Bernie Sanders runs on the 1948 Democratic Party Platform

One gap between liberals and conservatives is their sense of the direction the country has recently taken. Each side perceives a nation that has abandoned valuable principles that were prevalent in the past. Sometimes, both sides’ perceptions are exaggerated. For instance, gross government spending has neither soared as a result of Obama and other recent spendthrift lefties, nor has it plummeted due to neoliberal budget-cutters. It looks fairly similar from decade to decade. (The upper trend includes entitlements and interest payments; the lower is limited to direct government spending.)

But there is an important way in which the progressives’ perception is valid. Ideas that are now embraced mainly by Occupy protesters and the Sanders campaign were once so mainstream that they provided the basic planks of the 1948 Democratic Party Platform. I quote from that document (italics added):

  • We shall enact comprehensive housing legislation, including provisions for slum clearance and low-rent housing projects initiated by local agencies. This nation is shamed by the failure of the Republican 80th Congress to pass the vitally needed general housing legislation as recommended by the President. Adequate housing will end the need for rent control. Until then, it must be continued.
  • We advocate such legislation as is desirable to establish a just body of rules to assure free and effective collective bargaining, to determine, in the public interest, the rights of employees and employers, to reduce to a minimum their conflict of interests, and to enable unions to keep their membership free from communistic influences.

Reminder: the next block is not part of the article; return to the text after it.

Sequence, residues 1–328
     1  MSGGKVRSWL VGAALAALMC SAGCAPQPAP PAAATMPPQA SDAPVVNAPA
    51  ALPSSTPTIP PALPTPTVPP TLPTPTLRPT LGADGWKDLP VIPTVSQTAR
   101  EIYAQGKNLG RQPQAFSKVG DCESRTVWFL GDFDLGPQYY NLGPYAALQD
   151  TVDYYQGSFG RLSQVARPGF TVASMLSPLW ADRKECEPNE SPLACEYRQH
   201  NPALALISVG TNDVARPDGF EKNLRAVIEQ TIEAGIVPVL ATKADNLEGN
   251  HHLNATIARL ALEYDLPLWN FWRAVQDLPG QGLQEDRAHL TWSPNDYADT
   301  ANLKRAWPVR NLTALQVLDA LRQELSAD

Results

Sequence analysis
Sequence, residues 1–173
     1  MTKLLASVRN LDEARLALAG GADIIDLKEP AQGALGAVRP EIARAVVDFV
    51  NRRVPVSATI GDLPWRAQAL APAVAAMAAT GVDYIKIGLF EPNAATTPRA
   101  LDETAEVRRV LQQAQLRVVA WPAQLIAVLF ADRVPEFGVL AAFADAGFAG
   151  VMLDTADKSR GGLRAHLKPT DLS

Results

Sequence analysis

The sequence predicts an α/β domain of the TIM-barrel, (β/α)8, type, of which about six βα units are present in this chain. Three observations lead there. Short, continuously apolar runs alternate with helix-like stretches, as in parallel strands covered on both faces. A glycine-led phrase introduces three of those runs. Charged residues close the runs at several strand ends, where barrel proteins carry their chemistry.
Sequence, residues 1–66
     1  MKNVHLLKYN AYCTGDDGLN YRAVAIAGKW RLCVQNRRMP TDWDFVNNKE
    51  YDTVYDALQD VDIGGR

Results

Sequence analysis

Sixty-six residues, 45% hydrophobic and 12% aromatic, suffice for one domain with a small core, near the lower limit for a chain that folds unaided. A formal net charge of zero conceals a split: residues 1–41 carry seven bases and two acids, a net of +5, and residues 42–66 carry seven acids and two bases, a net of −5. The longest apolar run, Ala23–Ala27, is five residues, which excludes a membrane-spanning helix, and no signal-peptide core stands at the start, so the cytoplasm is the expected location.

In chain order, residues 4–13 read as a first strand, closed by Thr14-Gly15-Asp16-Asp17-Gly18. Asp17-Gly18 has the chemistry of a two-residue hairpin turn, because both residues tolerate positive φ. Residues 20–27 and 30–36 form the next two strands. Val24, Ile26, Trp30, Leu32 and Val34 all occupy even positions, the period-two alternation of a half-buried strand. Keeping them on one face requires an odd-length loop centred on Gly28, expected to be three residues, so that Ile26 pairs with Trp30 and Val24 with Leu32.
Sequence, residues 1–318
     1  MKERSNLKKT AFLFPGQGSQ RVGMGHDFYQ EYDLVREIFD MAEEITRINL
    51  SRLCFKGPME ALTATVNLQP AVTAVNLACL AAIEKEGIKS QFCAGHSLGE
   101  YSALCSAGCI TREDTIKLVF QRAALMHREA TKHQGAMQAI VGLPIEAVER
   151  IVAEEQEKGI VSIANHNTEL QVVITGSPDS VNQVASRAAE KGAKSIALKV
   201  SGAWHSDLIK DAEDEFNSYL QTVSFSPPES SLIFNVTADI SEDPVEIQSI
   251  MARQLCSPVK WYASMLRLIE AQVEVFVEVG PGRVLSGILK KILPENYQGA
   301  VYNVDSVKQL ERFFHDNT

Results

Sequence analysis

• We favor the extension of the coverage of the Fair Labor Standards Act as recommended by President Truman, and the adoption of a minimum wage of at least 75 cents an hour [$7.42 in 2015 dollars] in place of the present obsolete and inadequate minimum of 40 cents an hour.
  • We favor the extension of the Social Security program established under Democratic leadership, to provide additional protection against the hazards of old age, disability, disease or death. We believe that this program should include: Increases in old-age and survivors’ insurance benefits by at least 50 percent, and reduction of the eligibility age for women from 65 to 60 years; extension of old-age and survivors’ and unemployment insurance to all workers not now covered; insurance against loss of earnings on account of illness or disability; improved public assistance for the needy.
  • We favor the enactment of a national health program far [sic] expanded medical research, medical education, and hospitals and clinics.
  • We will continue our efforts to expand maternal care, improve the health of the nation’s children, and reduce juvenile delinquency.
  • We approve the purposes of the Mental Health Act and we favor such appropriations as may be necessary to make it effective.